Back from Le Tour

Well the Tour is over and I’m back home in Madrid (of course not for long, but more on that later).  First of all, my congratulations to Carlos Sastre and the entire CSC-Saxo Bank Team for their victories and riding a smart and efficient race. 

Being at the Tour the final week was certainly an interesting experience.  Actually, I should say that I was at the VERSUS compound which was parked at the finish line of the Tour!!  It was weird because I was there, but yet wasn’t.  Believe it or not, you never really see the race live.  Even at the finish line, we’re often times parked with the other networks behind a bunch of trailers … The podium and hospitality areas need to get the prime position. 

What I learned from working on the television side?? … It’s hard work … And I was only there for one week!!  The finish line broadcasters (Craig Hummer, Bob Roll, Phil Liggett and Paul Sherwin) all travel to the next finish city after each stage.  By the time we wrap up the post-stage filming, get down the mountain with all the typical Tour craziness and get to the hotel, we’re looking at a dinner usually between 11 and midnight.  Then of course I check-in with my wife, do some work emails and before you know it, I’m in bed at 2:00 AM.  Now you may think that since we’re at the finish line we can start our day pretty late.  Wrong!  Often times, we had to be at the set as early as 9:00 AM.

As for the television experience … It was great and I have a ton of appreciation for what these guys do day-in and day-out.  Craig Hummer is an amazing talent … The words just come out of his mouth like he was preparing for years, when in fact, most of the stuff is on the fly … No “ums,” pauses, or moments of confusion.  And then you have Bob Roll, or as many people like to call him Bobke.  Well for people who don’t know Bob personally, his TV personality is his real-life personality (maybe even a little toned down on television).  He brings such energy and vigor to the race, which I often think is lacking on other international networks!  And then of course you have the entire VERSUS production crew who doesn’t get enough credit.  These guys and gals work harder than anyone else, just to make sure we are prepared and everything looks great.  I went inside the production truck one day and the operation they run is truly amazing.  They need to do an entire show on the behind-the-scenes crew just so fans can begin to understand what goes on.  So thank you to everyone at VERSUS for inviting me to be a TV analyst on your Tour de France coverage.  I had a great time and have a new found appreciation and respect.  I hope to have the opportunity to do it again, BUT not next year!!  Next year, I want to be in the heart of the action with Team Astana!!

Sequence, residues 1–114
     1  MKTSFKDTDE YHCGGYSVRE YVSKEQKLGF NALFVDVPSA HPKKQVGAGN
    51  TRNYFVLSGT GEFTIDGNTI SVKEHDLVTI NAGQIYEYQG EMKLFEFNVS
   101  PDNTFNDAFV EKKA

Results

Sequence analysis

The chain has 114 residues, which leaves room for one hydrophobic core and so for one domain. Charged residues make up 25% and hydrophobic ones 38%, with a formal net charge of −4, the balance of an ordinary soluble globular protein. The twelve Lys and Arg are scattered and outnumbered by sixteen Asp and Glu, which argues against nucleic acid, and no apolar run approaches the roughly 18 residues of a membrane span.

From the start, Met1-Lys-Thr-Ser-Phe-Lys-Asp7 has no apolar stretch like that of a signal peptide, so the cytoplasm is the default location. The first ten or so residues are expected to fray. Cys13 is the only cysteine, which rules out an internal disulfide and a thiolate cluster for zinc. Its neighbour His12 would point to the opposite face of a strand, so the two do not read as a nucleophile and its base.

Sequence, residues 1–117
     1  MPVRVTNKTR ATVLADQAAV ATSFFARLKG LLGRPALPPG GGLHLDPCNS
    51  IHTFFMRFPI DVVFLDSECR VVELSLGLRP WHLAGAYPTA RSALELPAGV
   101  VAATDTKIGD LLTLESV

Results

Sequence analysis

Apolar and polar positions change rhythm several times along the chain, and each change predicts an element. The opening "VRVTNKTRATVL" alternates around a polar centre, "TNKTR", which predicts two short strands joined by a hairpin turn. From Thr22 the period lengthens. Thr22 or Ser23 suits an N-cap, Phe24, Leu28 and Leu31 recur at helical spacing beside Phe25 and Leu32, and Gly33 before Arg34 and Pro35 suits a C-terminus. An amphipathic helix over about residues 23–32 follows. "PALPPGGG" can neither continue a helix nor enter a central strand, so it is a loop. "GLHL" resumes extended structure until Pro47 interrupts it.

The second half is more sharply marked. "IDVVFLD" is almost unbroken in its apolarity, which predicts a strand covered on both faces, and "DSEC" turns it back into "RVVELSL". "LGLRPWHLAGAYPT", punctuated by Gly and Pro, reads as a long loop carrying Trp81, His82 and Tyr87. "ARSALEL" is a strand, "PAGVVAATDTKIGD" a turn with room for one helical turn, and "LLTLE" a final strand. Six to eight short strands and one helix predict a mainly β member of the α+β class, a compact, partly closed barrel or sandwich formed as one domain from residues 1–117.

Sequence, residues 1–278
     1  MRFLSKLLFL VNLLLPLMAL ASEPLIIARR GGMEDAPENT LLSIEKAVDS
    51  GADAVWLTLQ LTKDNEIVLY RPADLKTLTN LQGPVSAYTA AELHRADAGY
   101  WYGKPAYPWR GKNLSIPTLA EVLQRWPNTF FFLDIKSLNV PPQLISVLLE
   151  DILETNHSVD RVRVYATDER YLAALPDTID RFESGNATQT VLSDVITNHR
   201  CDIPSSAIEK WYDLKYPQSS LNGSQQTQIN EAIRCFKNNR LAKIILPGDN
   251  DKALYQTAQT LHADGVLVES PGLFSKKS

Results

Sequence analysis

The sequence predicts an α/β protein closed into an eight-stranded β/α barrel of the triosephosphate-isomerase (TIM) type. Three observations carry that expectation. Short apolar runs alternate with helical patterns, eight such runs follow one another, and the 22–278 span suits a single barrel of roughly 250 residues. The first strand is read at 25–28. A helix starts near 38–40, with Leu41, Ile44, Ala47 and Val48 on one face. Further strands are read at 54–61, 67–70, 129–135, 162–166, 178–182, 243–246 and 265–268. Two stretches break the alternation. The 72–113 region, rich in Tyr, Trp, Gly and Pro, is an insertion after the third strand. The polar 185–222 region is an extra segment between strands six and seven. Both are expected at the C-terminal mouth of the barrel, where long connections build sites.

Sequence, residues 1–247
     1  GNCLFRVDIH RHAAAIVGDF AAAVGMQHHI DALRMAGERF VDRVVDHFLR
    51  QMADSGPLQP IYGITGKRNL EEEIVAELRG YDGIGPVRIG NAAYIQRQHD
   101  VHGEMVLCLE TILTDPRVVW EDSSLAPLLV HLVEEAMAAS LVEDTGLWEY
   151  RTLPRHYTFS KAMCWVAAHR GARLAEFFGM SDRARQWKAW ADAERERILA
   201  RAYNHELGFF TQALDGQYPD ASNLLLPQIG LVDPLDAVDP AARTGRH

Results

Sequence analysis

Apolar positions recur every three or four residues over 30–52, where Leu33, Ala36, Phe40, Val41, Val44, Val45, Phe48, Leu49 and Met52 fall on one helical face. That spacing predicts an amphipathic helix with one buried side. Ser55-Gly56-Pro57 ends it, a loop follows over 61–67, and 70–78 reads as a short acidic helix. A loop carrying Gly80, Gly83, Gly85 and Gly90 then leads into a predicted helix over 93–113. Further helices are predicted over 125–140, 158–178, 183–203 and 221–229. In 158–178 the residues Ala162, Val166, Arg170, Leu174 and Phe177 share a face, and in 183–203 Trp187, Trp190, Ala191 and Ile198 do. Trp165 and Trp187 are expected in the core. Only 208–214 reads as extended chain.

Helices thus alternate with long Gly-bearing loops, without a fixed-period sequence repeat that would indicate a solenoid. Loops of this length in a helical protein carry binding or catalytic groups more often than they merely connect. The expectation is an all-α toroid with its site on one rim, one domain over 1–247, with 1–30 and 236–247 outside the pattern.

One last thing on the TV experience.  My wife asked me the other day, “How’s it different than an interview?” … Well two major differences.  (1)  An interview has more of a question and answer format, whereas being a tv analyst is more like having a conversation with both questions and unprompted comments.  (2)  In an interview, you are usually looking directly at the person who is asking the question.  As a tv analyst, you are trying to make a connection with the audience watching and will often direct your answer or comment to them, accomplished by looking directly into the camera.  So you’re not only having a conversation with Craig and Bob, but also including the tv viewers.

So I think we can all agree that for not having a Team at the Tour, this has been a very busy summer.  So what do I plan on doing between now and the Vuelta … Taking a vacation with Eva and Victoria.  We’re going to head to the beach and just enjoy ourselves and relax. I’ll be bringing my laptop so I’ll try to write something from a beachfront cabana!!

Adios … JB

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